• That’s what I’d read as well, but no personal experience riding them. Always interesting to hear different takes on these bikes! Also, there definitely was a KR250 since we just featured one recently.

    • Ah, you are so correct Tad! My bad. The KR1S is the bike that should be mentioned as it was the competition at the time but you are correct bout there being a KR250. Guess it would have fallen in same class as the RG250 and the other first gen miniGPs.

    • This has to do with the timing of introduction. When TZR250 first hit the market in Japan, we were all taken slightly off-guard. KR250 never was meant to be a racer for the road, and while we had NS250R and RG250, the first TZR was quite a bit racier bike comparatively, and from there, it exploded, all manufactures started going to the extreme. It was coming, since Suzuki introduced GSX-R400 first, and then the 750, but it finally started to trickle down to the 250 class. Soon after RGV came out, and NSR came out (and Kawasaki was planning KR-1), those were super high-strung, barely road-suitable machines, and the first TZR got left behind very quickly, that’s why the reverse cylinder TZR was introduced quite quickly to catch up. But there were people who preferred a gentler manner of original TZR (and RG) that Yamaha and Suzuki continued to sell those alongside the more extreme siblings for a couple of years. Then what would happen, was there were so many road death related to us touge riders, and a legislation kicked in to slow them down (along with modifications to the touge roads themselves as well), but it really wasn’t all that necessary, as more and more people became weary of this type of bikes and sales started to slip, and the golden era of race-replica died away in Japan. Did you know that they don’t even list GSX-R or R1/R6 in Japanese line-up now? I feel a little nostalgic about those bikes of my youth, I guess that’s why I still ride a sports bike.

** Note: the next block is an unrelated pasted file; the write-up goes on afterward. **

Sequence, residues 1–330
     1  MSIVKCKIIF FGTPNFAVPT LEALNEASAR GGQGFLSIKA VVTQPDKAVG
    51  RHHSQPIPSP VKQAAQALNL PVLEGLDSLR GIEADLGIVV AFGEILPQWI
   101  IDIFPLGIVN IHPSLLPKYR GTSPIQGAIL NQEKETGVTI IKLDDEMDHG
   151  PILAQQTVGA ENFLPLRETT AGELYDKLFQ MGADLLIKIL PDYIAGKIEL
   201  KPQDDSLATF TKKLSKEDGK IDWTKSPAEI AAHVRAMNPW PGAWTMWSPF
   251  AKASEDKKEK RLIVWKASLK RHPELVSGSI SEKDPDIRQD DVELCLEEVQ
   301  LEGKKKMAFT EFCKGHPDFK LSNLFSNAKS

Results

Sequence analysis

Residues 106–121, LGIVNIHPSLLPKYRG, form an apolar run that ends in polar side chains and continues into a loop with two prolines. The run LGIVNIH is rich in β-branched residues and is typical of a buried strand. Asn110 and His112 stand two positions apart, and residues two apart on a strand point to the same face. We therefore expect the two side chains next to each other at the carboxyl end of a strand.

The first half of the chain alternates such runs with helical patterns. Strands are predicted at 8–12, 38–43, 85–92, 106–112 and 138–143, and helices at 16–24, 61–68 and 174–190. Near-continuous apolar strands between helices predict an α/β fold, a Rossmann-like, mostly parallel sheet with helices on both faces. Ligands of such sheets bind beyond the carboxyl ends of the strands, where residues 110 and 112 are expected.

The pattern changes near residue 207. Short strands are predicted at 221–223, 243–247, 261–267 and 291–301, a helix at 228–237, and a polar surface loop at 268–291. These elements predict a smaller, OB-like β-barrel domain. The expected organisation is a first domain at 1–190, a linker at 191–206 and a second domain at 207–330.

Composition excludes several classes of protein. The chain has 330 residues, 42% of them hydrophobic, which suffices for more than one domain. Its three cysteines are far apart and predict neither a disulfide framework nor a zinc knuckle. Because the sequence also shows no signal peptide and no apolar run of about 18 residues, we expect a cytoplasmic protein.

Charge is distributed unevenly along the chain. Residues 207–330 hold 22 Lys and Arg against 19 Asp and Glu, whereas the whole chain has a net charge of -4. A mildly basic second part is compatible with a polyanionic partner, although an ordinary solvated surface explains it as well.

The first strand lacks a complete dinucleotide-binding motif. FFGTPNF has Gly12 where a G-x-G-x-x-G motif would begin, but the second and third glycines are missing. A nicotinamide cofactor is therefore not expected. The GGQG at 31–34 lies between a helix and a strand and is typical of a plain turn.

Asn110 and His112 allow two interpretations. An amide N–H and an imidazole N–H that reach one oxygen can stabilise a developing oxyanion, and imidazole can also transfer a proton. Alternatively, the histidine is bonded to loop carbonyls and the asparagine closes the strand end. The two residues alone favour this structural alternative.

• What article is this from? I have personally ridden the rgv vj22 my own bike and the nsr mc21 again my own. My friend I ride with has one of these tzr for a long time and owns a kr1! Soon I’ll be restoring a rg250 mk3 my friend has a rvf400 used to have a hawk gt 650. Trust me that tzr is a great handling bike just as fast as my rgv nsr kr1 the kr1 is the scary ride of them all.

  • Here is a copy of one of them. Souricng is poor so providing the link:

    http://www.motorcyclespecs.co.za/model/yamaha/yamaha_tzr250%2085.htm

    Claims TZR to be slowest of the 250’s. It certainly WILL make a difference if you are talking street or track riding…

  • Yeah better not tell the guys on the tzr forum who race them regularly that it’s slow cause that’s not a common complaint I hear. Wouldn’t trust that website for jack.

    • The original magazine source isn’t credited at the link, but you’ll see “Trevor Franklin” mentioned at the bottom, and he’s a well-established British motorcycle journalist. That site regularly has content pulled from various reputable motorcycle magazines, so I wouldn’t necessarily dismiss the information posted out of hand. Regardless, the link Evan posted is about roadbikes, not racebikes so even if we have confidence in Trevor’s ability to evaluate a bikes he mentions, that doesn’t mean you couldn’t tune a “slow” roadgoing TZR into a very quick race bike.

  • If it wasn’t a rgv or kr1 or rd350lc the journos from Britain had a hard on for those 3 bikes outside of the 500’s smokers they didn’t like anything else.

    I’ve ridden them back to back literally jumping off one to the next it’s definitely not slow. This tzr has been proven to provide a true 45 rwhp where the rg250 mk3 only makes 32 rwhp so what 250 is the slowest one.